June 11, 2014

COULDN'T THEY TEACH THEIR SONS TO THROW OVERHAND?:

How the U.S. Military Shaped American Soccer (AARON GORDON, June 09, 2014, Pacific Standard)

ONE COULD SAY WITH only the wryest of smiles that the Soviet blockade of Berlin was the most important event in U.S. soccer history. Once the blockade began, it was clear to the United States military that the Cold War would demand permanent bases in Germany. During the Cold War, there were hundreds of installations and nine major air bases in West Germany, including the U.S. Air Forces in Europe headquarters. The population of military bases, often numbering in the tens of thousands, would dwarf those of the small surrounding towns.

In an effort to "improve their contacts with the local people," the Air Force created soccer teams where soldiers would learn the game and compete against the local population. As reported by the Daily Boston Globe, within a year of the program's 1954 inauguration, 50 European bases had teams, while some had multiple squads that would compete against each other and in local leagues. The Globe called the Air Force's efforts "a scheme to popularize soccer, which soon may have its effect back home in the United States." While this prediction was off the mark, relationships with the locals certainly would improve, whether due to soccer or not.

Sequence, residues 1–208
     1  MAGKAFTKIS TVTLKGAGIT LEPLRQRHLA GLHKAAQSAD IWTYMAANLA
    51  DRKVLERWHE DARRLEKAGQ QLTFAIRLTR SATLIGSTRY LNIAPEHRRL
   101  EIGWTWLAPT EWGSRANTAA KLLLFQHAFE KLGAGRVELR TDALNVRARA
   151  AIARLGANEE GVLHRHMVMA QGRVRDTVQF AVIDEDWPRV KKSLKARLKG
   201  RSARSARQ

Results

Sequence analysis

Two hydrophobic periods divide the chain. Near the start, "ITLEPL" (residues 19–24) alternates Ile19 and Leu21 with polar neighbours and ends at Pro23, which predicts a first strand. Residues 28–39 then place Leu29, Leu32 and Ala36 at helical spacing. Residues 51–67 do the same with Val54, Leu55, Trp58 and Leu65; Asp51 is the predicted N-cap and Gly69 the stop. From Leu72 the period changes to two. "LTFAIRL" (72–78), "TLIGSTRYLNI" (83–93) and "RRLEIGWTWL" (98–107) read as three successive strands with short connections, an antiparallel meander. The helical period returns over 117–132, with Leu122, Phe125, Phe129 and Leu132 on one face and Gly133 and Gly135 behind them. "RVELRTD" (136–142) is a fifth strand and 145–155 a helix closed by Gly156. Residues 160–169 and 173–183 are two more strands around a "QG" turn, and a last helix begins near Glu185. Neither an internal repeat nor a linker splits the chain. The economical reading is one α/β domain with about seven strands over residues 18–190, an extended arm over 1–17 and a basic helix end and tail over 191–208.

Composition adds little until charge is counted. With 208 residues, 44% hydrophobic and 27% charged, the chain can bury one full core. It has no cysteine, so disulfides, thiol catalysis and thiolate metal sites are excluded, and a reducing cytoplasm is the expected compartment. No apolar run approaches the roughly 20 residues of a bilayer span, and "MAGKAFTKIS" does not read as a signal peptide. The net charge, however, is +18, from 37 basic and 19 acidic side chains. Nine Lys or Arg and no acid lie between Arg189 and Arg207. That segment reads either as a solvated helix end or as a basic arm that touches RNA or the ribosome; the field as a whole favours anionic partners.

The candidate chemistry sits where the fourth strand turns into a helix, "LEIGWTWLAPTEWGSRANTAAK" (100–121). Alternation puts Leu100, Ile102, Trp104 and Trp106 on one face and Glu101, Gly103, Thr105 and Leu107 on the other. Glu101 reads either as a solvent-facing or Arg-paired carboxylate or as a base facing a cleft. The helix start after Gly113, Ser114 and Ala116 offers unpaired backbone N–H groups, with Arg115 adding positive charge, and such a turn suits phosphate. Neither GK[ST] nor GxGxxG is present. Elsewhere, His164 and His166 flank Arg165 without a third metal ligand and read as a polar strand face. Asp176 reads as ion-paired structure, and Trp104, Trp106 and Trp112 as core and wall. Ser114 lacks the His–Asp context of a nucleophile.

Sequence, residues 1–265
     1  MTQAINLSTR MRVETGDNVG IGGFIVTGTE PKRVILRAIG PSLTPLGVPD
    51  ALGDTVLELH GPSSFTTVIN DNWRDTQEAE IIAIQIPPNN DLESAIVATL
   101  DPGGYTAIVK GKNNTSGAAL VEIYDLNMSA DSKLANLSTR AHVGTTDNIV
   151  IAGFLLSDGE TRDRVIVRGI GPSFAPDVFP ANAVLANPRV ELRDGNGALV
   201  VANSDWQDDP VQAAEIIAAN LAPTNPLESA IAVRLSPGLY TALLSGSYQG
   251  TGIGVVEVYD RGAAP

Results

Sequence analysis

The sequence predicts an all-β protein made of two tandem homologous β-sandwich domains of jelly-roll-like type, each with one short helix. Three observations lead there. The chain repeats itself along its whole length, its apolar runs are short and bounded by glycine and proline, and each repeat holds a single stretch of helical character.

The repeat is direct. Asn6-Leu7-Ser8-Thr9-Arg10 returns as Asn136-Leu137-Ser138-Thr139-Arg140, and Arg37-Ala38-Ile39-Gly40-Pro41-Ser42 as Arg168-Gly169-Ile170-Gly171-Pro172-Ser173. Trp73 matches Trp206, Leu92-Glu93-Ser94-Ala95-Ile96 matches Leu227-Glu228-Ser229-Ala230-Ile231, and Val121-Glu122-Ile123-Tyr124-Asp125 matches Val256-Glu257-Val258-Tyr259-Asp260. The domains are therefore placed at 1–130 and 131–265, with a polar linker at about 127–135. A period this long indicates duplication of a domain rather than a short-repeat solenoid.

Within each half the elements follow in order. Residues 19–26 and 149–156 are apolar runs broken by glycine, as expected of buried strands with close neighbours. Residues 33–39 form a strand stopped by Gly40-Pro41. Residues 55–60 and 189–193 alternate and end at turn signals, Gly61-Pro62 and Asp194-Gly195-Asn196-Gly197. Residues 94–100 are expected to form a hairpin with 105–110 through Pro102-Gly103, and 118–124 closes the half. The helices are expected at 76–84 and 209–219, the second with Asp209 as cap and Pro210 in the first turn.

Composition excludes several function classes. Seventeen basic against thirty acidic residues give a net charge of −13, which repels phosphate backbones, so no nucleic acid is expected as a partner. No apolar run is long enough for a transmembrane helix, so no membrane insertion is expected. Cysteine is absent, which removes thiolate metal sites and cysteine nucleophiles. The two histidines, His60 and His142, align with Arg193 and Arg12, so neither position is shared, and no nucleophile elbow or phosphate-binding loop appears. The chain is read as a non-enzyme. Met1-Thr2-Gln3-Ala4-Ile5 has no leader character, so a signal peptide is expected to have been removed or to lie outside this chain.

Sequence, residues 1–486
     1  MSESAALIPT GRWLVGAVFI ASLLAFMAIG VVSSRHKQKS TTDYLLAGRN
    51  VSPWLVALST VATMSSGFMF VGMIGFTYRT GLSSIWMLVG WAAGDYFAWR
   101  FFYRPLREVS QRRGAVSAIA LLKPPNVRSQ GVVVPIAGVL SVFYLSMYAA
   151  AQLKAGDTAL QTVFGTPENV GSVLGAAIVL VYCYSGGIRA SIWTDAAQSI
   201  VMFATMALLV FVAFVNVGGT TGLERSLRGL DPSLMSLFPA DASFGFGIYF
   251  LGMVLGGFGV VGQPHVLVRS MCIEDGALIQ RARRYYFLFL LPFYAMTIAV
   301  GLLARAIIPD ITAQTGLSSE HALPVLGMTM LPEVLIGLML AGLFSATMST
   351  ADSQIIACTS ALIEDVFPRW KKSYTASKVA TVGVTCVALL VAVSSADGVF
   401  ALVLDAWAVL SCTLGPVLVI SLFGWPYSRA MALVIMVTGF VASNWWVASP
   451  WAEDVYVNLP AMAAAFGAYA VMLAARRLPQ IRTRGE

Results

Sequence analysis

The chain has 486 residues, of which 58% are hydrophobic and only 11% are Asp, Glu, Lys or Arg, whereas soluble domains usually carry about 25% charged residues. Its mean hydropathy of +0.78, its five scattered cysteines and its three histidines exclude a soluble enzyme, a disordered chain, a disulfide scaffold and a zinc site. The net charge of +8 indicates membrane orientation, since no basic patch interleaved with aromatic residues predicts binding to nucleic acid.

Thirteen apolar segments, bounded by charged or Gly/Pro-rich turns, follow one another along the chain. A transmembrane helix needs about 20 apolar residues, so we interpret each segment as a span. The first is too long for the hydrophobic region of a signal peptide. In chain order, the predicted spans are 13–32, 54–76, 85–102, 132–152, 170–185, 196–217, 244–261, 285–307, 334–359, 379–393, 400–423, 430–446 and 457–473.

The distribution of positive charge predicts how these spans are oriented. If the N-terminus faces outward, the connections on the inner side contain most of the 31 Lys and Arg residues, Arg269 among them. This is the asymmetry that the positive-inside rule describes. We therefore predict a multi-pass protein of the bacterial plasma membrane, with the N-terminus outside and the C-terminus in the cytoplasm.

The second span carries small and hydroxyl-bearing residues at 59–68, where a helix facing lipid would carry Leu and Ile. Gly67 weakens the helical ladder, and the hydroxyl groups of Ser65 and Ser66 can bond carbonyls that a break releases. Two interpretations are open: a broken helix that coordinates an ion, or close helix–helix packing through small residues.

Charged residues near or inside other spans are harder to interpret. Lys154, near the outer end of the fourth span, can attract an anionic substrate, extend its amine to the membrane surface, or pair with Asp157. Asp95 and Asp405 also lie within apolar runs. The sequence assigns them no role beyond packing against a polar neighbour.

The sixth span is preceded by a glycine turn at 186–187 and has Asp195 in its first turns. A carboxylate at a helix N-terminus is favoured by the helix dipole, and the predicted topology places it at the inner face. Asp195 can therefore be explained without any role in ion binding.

As of 2009, there were 227 active bases in Germany. Despite many base closures in recent years--it's difficult to tell, based on military documents, which have actually closed or are scheduled to--there are still 40,328 United States military personnel deployed in Germany. Because the bases have existed for decades, many locals have developed an affection for them and the soldiers themselves.

For U.S. Soccer, these bases have proved fertile ground for new talent. Germany, like all of Europe, is soccer-obsessed. The German team is one of the best in the world, currently ranked second in FIFA's World Rankings. Players who wouldn't stand a chance to make the German roster seek out other countries for which they may be eligible that may not have Germany's soccer pedigree. For children of U.S. military personnel, America is an obvious second choice. U.S. Soccer has been happy to recruit these Americans who have been trained elsewhere.
Posted by at June 11, 2014 5:54 PM
  
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